Her wardrobe was only part of her problem. Daphne had appeared at Oakcrest in September, about a week after school started, but, as far as I knew, she had never said one word to anybody. Not even a teacher. When Mr. O’Brien called on her in class, she never knew the question, let alone the answer. She spent all her time either reading a library book or drawing elaborate doodles all over her notebook paper.

Even stranger was her attitude toward the kids in our class. The day she walked into English, she didn’t seem to notice that everyone was staring at her. She just stood there in front of the room looking at the floor while Mr. O’Brien introduced her. Tony pretended to misunderstand her name.

Did you say her name is Daffy? he asked, glancing at Scott and Michelle to see if they were amused. They were, of course.

The name Daffy stuck, and to make it worse, Tony added Duck as an afterthought. For weeks, he led all the other kids in a chorus of quacks whenever Daphne appeared, but she ignored them. After a while, most of them got bored. What fun was it to tease someone if it didn’t bother her? Tony, Scott, Michelle, and Sherry, though, never gave up. They still called her Daffy and quacked when she glided past them, her nose in a book.

As I sat there pondering my future as Daphne’s partner, Kim Barnes handed me a tiny folded-up piece of paper. It was a note from Tracy. "What are you going to do?!!! You can’t be Daffy’s partner!!!" it said. I looked across the room at Tracy and shrugged my shoulders. What could I do? Mr. O’Brien had made it clear there would be no changes.

When the bell rang, I gathered up my things hastily, wanting to get away from Mr. O’Brien as quickly as possible. I wasn’t fast enough, though. As I passed his desk, he reached out and took my arm. Can I talk to you a minute, Jessica?

Unhappily I nodded my head.

After everyone had run off to the cafeteria, he cleared his throat. You didn’t look very happy about the choice of partners for the Write-a-Book contest, he said.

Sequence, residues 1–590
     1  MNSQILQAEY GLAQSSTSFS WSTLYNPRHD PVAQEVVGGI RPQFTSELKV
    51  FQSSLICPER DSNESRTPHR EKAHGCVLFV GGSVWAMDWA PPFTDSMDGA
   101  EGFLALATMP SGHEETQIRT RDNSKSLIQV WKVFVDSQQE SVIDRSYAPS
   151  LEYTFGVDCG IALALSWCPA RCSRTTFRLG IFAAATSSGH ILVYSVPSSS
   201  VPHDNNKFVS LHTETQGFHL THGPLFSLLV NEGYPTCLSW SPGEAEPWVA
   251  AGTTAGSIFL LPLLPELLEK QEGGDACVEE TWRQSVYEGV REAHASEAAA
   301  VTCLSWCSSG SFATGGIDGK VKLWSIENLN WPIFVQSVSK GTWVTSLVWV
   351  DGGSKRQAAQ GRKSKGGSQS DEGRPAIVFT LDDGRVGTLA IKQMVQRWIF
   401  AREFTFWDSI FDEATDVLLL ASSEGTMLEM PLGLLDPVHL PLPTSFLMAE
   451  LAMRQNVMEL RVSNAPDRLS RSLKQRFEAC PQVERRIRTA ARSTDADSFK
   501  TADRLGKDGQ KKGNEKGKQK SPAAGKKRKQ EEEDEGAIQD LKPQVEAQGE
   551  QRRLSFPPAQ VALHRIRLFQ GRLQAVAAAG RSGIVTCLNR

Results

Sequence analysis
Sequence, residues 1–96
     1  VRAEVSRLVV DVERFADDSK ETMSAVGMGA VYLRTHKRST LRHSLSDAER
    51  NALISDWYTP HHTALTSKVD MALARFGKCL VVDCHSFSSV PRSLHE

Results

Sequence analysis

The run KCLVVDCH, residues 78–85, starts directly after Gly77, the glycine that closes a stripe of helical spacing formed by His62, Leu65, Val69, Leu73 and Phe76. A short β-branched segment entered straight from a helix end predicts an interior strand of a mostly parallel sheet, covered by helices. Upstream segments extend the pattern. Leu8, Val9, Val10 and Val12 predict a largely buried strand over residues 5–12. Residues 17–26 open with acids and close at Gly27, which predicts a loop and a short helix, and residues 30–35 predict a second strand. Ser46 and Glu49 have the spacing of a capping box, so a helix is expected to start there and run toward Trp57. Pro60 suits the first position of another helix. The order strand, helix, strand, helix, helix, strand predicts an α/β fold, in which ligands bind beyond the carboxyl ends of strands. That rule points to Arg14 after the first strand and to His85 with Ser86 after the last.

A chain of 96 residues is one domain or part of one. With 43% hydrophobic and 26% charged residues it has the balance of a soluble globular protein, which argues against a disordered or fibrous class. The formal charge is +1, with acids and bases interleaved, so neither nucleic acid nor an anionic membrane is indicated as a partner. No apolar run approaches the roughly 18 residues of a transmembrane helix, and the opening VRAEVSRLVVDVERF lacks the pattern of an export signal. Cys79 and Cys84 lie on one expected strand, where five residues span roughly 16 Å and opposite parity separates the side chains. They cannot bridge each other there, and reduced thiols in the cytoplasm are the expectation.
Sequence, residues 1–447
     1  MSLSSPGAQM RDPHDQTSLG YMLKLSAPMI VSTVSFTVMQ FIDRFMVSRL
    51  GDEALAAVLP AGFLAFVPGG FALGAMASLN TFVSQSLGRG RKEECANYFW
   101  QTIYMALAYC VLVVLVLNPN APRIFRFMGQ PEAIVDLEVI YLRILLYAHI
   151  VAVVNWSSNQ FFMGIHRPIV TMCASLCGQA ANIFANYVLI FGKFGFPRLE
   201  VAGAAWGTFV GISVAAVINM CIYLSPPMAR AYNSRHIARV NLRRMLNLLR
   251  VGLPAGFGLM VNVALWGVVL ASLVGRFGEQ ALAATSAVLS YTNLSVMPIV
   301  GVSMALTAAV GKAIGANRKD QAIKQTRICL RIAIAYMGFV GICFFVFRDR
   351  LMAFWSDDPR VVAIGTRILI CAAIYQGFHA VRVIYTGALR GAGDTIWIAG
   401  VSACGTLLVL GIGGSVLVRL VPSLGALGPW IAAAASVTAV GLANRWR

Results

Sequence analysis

Staring at the tan tiles on the floor, I shook my head. I was afraid to say anything because I knew I was about to cry. My lips were getting shaky and my chin was wobbling, and my eyes were brimming with tears.

You know why I want you and Daphne to work together? Mr. O’Brien asked softly.

I shook my head again.

You’re the best writer in the class, and she’s the best artist. Together you should produce a wonderful book. He paused, probably expecting me to say something. When I didn’t, he added, There was another reason, Jessica. I think you’re a very sensitive person. I can’t imagine your hurting someone or being unkind. He paused again, but I kept right on staring at the floor, at our shoes, his a pair of scuffed loafers, mine a still-damp pair of running shoes, both of them blurred by my tears.

Daphne needs a friend, Jessica, he said, his hand on my shoulder. Please give her a chance.

I’ll try, I whispered unhappily. Ever since the first day of English class, I’d liked Mr. O’Brien. Although I hadn’t seen my real father for years, I often pretended that he was like Mr. O’Brien—handsome, patient, kind, and understanding. Now here was Mr. O’Brien telling me I was a sensitive person, the sort who could help a girl like Daphne. Even though I was sure I couldn’t do a thing for her, I didn’t want to let Mr. O’Brien down. If he thought I was sensitive, I would be sensitive.